Sign systems direct motorists and pedestrians to key destinations more seamlessly when they are designed according to an overarching theme, a consultant told city and tourism officials earlier this week.
Glen Swantak of Merje Environments and Experiences of Pennsylvania said inconsistency of appearance and message disjoints the wayfinding experience, making signs seem like discrete elements rather than components of a unified whole.
"Wayfinding isn't new to Hot Springs," Swantak told officials. "We have wayfinding. It's just not organized. It's an unorganized system with different sizes and different colors. The goal is to organize that information. The thing we noticed is inconsistency of messaging on the banners out there now. We're saying maybe there's a better way to organize that information."
Swantak's firm was hired to implement the $398,000 Federal Lands Access Program grant the U.S. Department of Transportation awarded the city to improve its wayfinding system. The three design themes he presented coalesce around features unique to the city, he said. A more refined version of one concept or a composite of all three will be presented later this year, with input solicited from officials and the public earlier this week helping to inform the final product.
A committee of city planning and engineering staff will decide the ultimate concept.
The option Swantak characterized as "active" draws on the area's appeal to outdoor enthusiasts.
"It's sleeker, modern, contemporary," he said of the design. "Water is an element that can be used for this design. You've got water in the springs, water in the lakes. It's everywhere."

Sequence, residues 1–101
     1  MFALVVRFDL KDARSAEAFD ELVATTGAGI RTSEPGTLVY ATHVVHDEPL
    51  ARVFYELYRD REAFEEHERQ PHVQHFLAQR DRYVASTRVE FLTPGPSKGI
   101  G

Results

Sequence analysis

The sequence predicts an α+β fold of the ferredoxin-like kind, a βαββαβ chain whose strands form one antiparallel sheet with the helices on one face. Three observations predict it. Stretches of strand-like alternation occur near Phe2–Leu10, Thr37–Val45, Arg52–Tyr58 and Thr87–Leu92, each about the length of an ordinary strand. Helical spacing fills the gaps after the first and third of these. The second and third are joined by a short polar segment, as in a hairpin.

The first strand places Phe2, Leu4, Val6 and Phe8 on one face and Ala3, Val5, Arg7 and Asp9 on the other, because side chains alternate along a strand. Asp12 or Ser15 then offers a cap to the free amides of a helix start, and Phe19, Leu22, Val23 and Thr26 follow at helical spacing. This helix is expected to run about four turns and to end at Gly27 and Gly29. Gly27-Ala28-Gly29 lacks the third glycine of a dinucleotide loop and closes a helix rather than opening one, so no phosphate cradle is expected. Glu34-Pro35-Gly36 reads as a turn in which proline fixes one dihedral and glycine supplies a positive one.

The "historic design" option mimics the look of downtown light pools, with signs displaying changeable banners announcing upcoming events.
"You can see how this really starts to feel like this matches what's out there currently," he said. "It fits right into the existing streetscape. It has the historical architectural features."
The "nature" option aligns with the design of National Park Service signs. Swantak said brown backgrounds could indicate National Park points of interest and green backgrounds could be used for city destinations.
"It brings more natural elements into the signing system," he said.
Swantak said signs at the approaches of the city need to be large, leading the way to general areas such as downtown. Deeper into the city, they can direct traffic to more specific locations, such as downtown attractions. Pedestrian signs are the least conspicuous but need to convey the most information. Swantak said he foresees extensive use of them downtown.
Whatever the approach, Swantak said it needs to be specific to Hot Springs.
"We don't have a formula or system," he said. "We really try hard to find what is unique to Hot Springs and use that as a design element we can apply to the signs. There's a lot to pull from. I don't know if it's necessarily one thing."
Local on 03/23/2019
Print Headline: City hears wayfinding overhaul options